Released: 2020 (UK)
Director: Sam Mendes
Distributor: eOne (UK)
Film Website: https://www.1917.movie/?redirect=off
Cast: George MacKay, Dean-Charles Chapman, Mark Strong, Andrew Scott, Richard Madden, Claire Duburcq, Colin Firth, and Benedict Cumberbatch.
Genre: War, Drama
Film Rating: 15
Review Score: 5/5
1917 is an epic war film directed, co-written and produced by Sam Mendes (Skyfall, Spectre) that chronicles the story of two young British soldiers during World War 1 who are sent on a mission behind enemy lines to deliver a message. The message warns of an ambush during a skirmish soon after the German retreat to the Hindenburg Line during Operation Alberich.
The premise of the movie is played out in real time, courtesy of the sublime cinematography from the ever-brilliant Roger Deakins, whose credits include The Shawshank Redemption, Skyfall and Blade Runner 2049. Designed to look like one continuous shot, we are drawn in to the perilous journey the two men must undertake and we truly feel like we are with them. It’s a gorgeous cinematic achievement; incredibly immersive and downright terrifying at times.
The two leads, played by George MacKay and Dean-Charles Chapman, are mesmerising as we watch every breath they take, every path they tread, every decision they must make and every obstacle they overcome. MacKay is especially fantastic, and I don’t doubt we’ll be seeing more of him in the near future. A performance for the ages. Bolstered by a very strong supporting cast including Benedict Cumberbatch, Mark Strong and Colin Firth, 1917 never lets up on its performances, with nobody phoning it in and there’s not a second of screen-time wasted.
1917 manages to capture the horror of trench warfare with very little (if any) CGI, and right from the start there’s a rawness and urgency that doesn’t let up during the film’s two hour runtime. Danger could be lurking around every corner, and you truly feel that in every frame. I found myself pausing for breath during the quieter moments; my heart pounding with fear and exhilaration during the intense action sequences. Rotting corpses of both humans and animals alike litter the ground they walk on.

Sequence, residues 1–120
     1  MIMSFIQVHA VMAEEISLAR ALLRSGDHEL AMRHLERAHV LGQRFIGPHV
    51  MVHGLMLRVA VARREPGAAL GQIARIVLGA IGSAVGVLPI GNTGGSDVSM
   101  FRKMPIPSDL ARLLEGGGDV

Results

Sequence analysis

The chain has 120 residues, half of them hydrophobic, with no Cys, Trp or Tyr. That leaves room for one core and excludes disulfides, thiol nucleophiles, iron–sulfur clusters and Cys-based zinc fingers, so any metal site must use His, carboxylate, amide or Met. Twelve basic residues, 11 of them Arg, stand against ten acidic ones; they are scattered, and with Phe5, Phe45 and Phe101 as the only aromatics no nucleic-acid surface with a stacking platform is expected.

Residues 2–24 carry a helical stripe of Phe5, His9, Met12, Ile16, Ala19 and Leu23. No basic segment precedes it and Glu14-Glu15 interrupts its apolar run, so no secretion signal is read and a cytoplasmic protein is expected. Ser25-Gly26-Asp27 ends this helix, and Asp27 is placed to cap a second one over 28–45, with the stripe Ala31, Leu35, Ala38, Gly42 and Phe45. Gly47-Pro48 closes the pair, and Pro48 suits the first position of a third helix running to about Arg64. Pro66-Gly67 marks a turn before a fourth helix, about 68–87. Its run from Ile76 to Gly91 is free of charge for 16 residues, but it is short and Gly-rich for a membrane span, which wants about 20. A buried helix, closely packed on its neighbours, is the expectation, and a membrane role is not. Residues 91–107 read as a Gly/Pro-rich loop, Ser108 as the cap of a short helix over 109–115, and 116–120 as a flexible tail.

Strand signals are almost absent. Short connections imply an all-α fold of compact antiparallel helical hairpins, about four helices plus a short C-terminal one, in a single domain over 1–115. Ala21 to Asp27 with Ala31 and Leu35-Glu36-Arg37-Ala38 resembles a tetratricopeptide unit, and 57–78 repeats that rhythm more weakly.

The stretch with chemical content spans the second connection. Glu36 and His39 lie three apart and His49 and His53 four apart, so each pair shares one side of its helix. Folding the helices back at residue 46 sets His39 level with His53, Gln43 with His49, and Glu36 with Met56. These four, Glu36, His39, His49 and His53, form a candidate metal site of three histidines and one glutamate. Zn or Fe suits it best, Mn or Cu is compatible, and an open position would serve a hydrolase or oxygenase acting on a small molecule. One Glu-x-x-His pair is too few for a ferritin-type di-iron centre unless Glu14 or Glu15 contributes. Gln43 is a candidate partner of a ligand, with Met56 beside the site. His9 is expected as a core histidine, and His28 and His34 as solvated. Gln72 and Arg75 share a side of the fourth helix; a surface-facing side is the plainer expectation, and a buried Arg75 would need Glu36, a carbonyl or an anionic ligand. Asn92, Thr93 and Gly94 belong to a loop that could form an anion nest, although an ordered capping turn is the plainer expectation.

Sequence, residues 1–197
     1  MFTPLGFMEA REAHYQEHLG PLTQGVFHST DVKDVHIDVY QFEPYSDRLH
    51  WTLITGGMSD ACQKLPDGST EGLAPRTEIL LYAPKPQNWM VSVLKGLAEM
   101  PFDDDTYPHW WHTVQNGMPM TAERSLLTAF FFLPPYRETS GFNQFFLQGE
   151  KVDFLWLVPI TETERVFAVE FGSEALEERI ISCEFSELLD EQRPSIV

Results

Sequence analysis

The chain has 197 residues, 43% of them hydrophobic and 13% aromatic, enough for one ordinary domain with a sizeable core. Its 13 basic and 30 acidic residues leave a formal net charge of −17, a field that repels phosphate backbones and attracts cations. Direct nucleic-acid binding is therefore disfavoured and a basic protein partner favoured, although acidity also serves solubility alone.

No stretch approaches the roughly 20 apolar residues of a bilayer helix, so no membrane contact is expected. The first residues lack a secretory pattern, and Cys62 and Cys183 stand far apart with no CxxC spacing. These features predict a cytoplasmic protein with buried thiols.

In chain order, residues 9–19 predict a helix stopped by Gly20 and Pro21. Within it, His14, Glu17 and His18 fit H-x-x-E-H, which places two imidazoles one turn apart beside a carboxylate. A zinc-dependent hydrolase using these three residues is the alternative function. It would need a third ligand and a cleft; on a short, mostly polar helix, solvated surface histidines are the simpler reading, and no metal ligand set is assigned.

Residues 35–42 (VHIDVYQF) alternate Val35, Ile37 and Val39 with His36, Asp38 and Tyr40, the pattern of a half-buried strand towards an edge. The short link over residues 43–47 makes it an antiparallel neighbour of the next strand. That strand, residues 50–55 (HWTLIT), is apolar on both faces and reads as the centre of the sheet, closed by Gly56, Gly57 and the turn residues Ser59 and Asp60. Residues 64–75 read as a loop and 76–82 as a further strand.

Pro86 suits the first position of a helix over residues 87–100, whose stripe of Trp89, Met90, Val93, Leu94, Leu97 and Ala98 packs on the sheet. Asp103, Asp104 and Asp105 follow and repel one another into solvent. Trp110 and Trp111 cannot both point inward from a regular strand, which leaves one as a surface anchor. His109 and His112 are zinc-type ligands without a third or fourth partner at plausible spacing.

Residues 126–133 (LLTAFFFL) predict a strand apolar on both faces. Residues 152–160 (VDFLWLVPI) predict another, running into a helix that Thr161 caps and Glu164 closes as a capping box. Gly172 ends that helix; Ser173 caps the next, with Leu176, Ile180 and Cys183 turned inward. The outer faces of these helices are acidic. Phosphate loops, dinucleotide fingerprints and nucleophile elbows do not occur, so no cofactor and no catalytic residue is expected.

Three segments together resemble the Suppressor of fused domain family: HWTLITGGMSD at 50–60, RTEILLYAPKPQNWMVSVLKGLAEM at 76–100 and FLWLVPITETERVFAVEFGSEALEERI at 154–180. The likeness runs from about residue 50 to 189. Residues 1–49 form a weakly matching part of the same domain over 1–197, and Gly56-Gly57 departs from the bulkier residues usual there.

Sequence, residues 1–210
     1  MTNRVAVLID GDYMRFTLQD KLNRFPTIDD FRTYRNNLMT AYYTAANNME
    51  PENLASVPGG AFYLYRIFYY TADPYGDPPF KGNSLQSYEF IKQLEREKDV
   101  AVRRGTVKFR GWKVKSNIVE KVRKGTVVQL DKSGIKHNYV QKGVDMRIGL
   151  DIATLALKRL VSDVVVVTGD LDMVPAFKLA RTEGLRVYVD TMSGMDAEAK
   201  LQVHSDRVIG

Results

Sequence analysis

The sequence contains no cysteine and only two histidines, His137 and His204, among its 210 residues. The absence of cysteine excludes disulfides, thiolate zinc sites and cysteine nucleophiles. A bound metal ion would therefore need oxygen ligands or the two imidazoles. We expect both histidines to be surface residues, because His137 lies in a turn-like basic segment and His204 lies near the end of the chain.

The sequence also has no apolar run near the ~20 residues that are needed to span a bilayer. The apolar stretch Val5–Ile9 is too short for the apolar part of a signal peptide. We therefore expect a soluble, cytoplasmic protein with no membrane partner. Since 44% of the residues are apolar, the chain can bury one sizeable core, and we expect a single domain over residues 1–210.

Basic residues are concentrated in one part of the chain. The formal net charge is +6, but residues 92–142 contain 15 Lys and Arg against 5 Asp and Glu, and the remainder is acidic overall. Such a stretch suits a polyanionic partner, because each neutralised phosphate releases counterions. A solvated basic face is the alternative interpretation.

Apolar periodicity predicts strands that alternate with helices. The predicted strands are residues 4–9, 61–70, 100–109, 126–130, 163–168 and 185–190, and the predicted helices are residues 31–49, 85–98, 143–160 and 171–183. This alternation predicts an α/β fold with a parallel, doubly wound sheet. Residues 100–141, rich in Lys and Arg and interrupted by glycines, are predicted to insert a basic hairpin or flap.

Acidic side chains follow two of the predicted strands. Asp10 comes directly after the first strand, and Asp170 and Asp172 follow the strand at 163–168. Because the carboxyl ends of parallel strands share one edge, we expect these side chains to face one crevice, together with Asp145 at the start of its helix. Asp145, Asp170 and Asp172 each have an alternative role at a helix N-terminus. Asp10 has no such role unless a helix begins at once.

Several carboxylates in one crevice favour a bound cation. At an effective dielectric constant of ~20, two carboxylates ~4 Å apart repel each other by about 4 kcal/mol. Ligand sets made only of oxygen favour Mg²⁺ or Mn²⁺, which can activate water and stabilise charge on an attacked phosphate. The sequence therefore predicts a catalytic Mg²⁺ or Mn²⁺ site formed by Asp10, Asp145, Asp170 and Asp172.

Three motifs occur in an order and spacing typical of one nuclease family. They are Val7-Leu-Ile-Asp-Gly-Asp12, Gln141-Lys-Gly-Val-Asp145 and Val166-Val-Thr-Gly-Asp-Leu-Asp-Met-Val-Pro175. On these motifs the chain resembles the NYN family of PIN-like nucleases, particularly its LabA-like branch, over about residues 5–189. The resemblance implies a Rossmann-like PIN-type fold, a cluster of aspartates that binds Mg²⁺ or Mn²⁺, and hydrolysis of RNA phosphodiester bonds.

This is not an all-out action movie, however, and those expecting the next Saving Private Ryan or Black Hawk Down may be disappointed. Gunplay is used sparingly in 1917, to great effect. It reminded me of the sporadic use of violence in Joker; to allow it to be all the more intense and shocking when it is used. This is purely about the journey the characters take, with elements of survival sprinkled throughout.
Everything about 1917 combines flawlessly, from its excellent cast to its brooding and nail-biting soundtrack provided by Thomas Newman, who had worked on Skyfall, Spectre, and Finding Nemo. The camera-work as I’ve already mentioned makes you, the viewer, feel like the third man on the mission with them, and the levels of realism on display are unparalleled. That’s about as much as I can say about the movie without spoiling it. Calling it just a movie almost does 1917 a disservice. It’s a pulse-pounding, nerve-shredding, hard-hitting and atmospheric experience that has to be seen to be believed.
At the time of writing, we are in the midst of awards season, and this film seems to have dominated so far. Winning Best Picture – Drama and Best Director at the recent Golden Globes ceremony, nominated for nine awards at the upcoming BAFTA’s and with the Oscars just around the corner, the praise for this film has only just begun and will not stop for some time to come yet.
Only eleven days into 2020 and 1917 has cemented itself as my favourite film of the year, and it may turn out to be the best the year has to offer. “Time is the enemy,” states the film’s tagline. It absolutely is. Go and see this in an IMAX theater before it disappears. It’s a must see, and demands to be viewed on the biggest screen possible. Don’t let this one pass you by.
Review by Jack Merry